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Éa Game Pacing

Discussion in 'Éa Fantasy Mod Project' started by Pazyryk, Sep 2, 2014.

  1. Pazyryk

    Pazyryk Deity

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    This discussion could easily fit in the "Balance" thread, but I thought it would be useful to deal with it separately. You can skip down to the bullet point questions if you don't have patience for long-winded posts.

    First, a little discussion of base Civ5 as I see it. Folks should know that I really think Civ5 developed into a great and well-balanced game, at least after it had time to bake for a while with patches and expansions. You shouldn't take my attempts to do something different as necessarily a negative assessment (although I may complain about specific parts of base game).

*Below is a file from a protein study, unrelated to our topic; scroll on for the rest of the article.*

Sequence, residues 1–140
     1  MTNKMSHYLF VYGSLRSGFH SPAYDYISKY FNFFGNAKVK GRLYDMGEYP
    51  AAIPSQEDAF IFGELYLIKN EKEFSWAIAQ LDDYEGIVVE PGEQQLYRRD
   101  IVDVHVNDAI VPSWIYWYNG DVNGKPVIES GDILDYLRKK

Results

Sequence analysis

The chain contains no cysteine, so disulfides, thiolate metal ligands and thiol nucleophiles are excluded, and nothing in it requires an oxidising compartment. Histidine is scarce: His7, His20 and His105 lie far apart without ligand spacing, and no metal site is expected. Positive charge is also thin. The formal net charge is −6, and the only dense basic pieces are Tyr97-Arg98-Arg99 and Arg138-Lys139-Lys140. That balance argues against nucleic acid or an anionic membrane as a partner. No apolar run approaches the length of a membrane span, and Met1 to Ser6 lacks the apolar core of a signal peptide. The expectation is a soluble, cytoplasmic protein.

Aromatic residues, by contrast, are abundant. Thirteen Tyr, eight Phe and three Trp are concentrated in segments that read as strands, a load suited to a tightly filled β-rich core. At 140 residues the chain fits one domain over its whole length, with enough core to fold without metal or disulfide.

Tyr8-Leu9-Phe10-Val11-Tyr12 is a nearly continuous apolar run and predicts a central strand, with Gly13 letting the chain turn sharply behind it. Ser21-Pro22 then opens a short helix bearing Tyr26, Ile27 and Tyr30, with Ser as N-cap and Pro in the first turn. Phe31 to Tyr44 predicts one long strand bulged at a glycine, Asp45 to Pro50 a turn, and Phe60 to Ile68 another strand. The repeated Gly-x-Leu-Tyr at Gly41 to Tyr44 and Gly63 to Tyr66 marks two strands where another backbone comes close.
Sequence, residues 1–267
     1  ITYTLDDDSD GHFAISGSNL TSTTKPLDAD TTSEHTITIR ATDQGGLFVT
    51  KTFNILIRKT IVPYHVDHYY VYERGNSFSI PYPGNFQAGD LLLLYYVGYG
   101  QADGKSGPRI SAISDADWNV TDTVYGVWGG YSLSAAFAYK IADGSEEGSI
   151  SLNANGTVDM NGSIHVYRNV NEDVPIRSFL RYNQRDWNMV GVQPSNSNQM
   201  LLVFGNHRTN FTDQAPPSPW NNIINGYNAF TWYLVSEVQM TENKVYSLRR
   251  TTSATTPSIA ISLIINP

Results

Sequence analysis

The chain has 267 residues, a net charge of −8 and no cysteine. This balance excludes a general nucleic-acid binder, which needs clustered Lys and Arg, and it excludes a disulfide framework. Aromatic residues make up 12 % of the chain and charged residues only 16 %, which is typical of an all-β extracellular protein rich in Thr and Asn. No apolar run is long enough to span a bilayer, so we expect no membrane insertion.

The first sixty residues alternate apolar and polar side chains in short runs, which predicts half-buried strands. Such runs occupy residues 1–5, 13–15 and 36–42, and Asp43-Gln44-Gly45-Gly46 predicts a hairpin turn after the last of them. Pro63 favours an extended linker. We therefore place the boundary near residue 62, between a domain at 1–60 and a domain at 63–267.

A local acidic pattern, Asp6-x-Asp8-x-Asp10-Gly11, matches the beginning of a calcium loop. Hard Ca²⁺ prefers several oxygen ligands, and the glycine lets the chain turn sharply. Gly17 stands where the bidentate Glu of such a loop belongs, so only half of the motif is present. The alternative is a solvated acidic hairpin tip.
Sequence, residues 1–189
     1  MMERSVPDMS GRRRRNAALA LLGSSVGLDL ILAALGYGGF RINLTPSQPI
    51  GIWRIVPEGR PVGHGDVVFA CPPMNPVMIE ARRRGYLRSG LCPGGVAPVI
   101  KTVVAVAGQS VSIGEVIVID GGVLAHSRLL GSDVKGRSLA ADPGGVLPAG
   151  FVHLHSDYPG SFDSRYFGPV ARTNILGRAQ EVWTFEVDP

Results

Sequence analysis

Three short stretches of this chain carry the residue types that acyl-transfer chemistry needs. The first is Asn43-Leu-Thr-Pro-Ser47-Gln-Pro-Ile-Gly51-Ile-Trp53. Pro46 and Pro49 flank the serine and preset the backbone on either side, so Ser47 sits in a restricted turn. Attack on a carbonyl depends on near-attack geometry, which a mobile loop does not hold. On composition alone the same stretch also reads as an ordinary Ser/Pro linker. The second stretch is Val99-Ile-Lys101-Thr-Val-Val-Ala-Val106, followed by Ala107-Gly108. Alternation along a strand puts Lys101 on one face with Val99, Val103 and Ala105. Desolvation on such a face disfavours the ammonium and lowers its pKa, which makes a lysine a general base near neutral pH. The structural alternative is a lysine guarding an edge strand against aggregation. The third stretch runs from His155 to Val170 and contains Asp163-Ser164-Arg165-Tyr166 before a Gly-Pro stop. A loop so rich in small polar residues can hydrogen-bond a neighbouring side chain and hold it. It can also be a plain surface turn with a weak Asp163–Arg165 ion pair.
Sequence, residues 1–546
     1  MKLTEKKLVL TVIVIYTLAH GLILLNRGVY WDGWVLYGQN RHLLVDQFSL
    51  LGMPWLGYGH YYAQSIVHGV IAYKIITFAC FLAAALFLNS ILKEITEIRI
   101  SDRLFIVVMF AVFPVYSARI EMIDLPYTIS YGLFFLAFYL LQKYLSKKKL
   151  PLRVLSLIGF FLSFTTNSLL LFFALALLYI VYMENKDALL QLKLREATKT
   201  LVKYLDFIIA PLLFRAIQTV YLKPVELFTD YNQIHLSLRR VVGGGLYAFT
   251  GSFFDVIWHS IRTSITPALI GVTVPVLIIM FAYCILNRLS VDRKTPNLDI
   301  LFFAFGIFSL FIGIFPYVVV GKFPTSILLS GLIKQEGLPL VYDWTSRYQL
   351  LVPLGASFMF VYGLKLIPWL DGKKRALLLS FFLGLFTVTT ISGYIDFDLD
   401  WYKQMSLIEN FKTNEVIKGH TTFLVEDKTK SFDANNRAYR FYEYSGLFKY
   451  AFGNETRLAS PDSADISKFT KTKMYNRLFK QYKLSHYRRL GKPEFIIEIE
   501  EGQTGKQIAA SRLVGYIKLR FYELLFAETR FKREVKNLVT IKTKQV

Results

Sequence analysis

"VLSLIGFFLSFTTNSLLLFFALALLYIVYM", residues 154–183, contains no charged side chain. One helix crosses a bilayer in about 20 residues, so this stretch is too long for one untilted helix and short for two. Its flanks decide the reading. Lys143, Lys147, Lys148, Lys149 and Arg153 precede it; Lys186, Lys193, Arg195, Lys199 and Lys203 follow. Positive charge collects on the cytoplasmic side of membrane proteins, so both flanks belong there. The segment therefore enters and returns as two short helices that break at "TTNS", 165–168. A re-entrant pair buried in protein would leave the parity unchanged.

Base Civ5 moves at a pretty steady rate. You get techs and policies every x turns, more or less. The only exception is the specific game mechanic where settling too many cities shuts down policy progression (which you all know I hate). Thankfully, that particular mechanic was toned down in BNW with addition of ideologies and removal of the "Complete-5-Policy-Branches Victory". Other than building too many cities, there are few things you could do (that is, playing in any sensible way) to really change these rates a great deal. Well, but you don't need to change it a great deal. If you have a 20% lead on AI for rate of techs, you will win by one VC or another. There's no need for base game to limit techs because, to put it simply, finishing tech tree = finishing game.